Friends Remember Baker’s 'Incredible Heart, Compassion'
Posted November 4, 2007 9:40 a.m. EST
Updated November 5, 2007 5:23 p.m. EST
Raleigh, N.C. — A wake was held Sunday evening for John Baker, who served as Wake County sheriff for more than two decades.
Baker, who passed away Wednesday at his home after a long illness, was the first black sheriff in North Carolina since Reconstruction. He served from 1978 to 2002.
The last weeks of Baker's life were filled with people visiting his hospital room to thank him for all he had done, friends said.
"He stood 6 foot 7, weighed in at over 300 pounds and wore a size 17 shoe, and the only thing that could surpass his stature was his incredible heart and compassion," said friend Steve Thanhauser.
"He was loved by everyone," said high school friend Lawrence Lester. "Everyone loved him. He was a giant, not only on the field [and] in the classroom, he was just a fine, fine fellow."
Baker's funeral will be Monday at 11 a.m. at St. Matthews AME Church at 1629 Bennett St. in Raleigh. The public was invited to attend both the wake and funeral services. Baker will be buried at Carolina Biblical Gardens on Creech Road in Garner.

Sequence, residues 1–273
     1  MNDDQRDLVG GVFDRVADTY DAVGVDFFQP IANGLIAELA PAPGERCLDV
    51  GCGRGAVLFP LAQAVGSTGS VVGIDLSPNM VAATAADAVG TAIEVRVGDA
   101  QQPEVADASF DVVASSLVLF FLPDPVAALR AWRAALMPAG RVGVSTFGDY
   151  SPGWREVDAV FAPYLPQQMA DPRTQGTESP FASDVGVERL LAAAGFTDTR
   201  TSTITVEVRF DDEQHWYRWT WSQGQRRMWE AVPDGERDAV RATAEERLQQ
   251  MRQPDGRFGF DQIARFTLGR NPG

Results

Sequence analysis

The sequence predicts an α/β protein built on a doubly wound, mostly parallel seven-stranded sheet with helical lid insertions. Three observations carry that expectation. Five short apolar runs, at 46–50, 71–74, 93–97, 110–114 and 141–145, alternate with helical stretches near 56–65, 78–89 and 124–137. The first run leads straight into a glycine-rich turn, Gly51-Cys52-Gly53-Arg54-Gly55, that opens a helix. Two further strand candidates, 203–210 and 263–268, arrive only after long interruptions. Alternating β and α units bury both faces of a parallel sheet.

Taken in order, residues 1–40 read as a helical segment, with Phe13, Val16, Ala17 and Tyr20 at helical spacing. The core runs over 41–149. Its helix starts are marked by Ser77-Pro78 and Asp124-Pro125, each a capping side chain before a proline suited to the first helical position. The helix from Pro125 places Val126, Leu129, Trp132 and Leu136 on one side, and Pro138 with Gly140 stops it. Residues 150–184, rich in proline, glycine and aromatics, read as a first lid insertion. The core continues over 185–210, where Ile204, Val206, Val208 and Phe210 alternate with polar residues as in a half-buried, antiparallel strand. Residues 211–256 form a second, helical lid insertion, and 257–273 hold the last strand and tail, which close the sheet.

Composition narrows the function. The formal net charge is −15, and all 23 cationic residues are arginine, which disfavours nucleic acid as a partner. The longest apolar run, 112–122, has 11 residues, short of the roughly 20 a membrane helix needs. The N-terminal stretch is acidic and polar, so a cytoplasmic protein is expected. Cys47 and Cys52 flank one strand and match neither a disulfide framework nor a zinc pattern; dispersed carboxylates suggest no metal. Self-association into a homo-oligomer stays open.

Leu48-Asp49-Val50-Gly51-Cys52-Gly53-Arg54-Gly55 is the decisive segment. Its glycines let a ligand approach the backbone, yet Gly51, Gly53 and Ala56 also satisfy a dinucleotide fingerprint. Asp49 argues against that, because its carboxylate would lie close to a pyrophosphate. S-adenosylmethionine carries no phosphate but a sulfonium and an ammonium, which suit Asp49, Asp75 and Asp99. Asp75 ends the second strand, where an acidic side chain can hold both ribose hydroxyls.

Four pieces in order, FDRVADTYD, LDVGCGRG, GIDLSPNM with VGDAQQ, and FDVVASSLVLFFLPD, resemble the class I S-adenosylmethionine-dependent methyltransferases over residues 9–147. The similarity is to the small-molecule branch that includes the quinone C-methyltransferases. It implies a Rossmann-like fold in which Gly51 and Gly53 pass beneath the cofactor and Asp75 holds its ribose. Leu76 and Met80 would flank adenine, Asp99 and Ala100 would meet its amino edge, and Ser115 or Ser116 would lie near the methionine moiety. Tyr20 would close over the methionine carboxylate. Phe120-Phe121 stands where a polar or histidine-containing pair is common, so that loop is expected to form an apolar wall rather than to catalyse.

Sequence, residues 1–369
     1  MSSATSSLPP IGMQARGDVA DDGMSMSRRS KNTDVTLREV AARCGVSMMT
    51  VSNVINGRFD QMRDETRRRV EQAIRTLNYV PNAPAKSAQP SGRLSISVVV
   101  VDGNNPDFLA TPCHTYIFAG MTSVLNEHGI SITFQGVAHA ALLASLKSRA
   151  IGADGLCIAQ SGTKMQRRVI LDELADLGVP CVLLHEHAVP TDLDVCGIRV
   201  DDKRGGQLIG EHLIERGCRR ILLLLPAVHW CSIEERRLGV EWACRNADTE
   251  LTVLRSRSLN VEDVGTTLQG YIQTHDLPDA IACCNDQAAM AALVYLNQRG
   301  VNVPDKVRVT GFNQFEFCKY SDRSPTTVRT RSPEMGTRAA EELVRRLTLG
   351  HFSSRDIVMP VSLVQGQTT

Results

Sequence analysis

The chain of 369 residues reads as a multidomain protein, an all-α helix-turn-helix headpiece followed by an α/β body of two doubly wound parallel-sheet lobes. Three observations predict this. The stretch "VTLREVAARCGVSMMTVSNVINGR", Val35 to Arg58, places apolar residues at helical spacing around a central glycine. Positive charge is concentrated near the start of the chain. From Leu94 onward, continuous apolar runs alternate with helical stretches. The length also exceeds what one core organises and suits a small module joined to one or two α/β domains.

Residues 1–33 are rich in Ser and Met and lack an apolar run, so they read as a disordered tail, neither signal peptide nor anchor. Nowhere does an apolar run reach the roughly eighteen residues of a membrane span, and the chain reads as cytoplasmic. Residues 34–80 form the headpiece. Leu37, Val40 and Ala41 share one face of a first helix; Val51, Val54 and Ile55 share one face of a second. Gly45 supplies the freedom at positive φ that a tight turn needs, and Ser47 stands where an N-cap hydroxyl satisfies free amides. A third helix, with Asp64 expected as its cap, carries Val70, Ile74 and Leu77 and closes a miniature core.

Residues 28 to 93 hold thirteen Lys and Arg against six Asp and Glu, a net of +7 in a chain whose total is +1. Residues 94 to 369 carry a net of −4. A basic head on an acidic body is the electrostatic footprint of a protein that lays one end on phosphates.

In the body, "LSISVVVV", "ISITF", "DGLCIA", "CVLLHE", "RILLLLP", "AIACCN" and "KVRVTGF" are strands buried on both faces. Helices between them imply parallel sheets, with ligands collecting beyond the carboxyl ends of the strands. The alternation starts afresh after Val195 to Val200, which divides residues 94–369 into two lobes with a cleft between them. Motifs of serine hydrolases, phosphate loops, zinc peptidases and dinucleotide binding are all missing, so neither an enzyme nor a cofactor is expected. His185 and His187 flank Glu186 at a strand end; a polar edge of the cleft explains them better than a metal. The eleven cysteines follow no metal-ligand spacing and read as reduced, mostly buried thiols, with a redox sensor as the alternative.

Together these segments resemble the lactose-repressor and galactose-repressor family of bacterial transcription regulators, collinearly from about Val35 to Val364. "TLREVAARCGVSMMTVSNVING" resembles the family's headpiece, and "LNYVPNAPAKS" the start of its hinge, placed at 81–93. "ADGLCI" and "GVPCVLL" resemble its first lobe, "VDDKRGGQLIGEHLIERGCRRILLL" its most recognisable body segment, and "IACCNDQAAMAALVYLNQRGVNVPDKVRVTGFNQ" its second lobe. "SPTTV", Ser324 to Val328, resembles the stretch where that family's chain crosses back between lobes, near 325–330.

State flags at all Wake County buildings, including the courthouse, have been flown at half-mast since Thursday in Baker's honor.
"Sheriff Baker was a great man and a great leader. He gave Wake County the best years of his life, and all our citizens are indebted to him. Sheriff Baker's compassion and leadership will never be forgotten," Tony Gurley, chairman of the county Board of Commissioners, said in a statement.
Baker grew up in the Oberlin community and attended Ligon High School. He graduated from North Carolina Central University in 1958. That same year, he was drafted 56th overall by the Los Angeles Rams.
Over the next 12 years, the defensive end and tackle played for the Philadelphia Eagles, Pittsburgh Steelers and Detroit Lions. He was inducted into the North Carolina Sports Hall of Fame in 1972.
In the off-season, he worked with the Raleigh Police Department as a youth counselor. When he left the NFL, he became the first black appointed to the state Parole Board, where he served eight years until being elected sheriff.
Known for his larger-than-life stature and his booming voice, Baker held office until 2002 when he lost to Sheriff Donnie Harrison by 2,200 votes. He decided to run again for the office in 2006.
"I felt that the 24 years that I gave the citizens of Wake County was the best that I had, and I look forward to going into a new venture, and whatever that may be, I will give it the best that I have also," Baker said after his election loss.
Baker, a Democrat, was criticized at times for spending too much time in the office and not enough time in the field. In public, he was hard-charging and tough-talking. In private, many said they found him kind and gracious.
Baker is survived by his wife, children and grandchildren.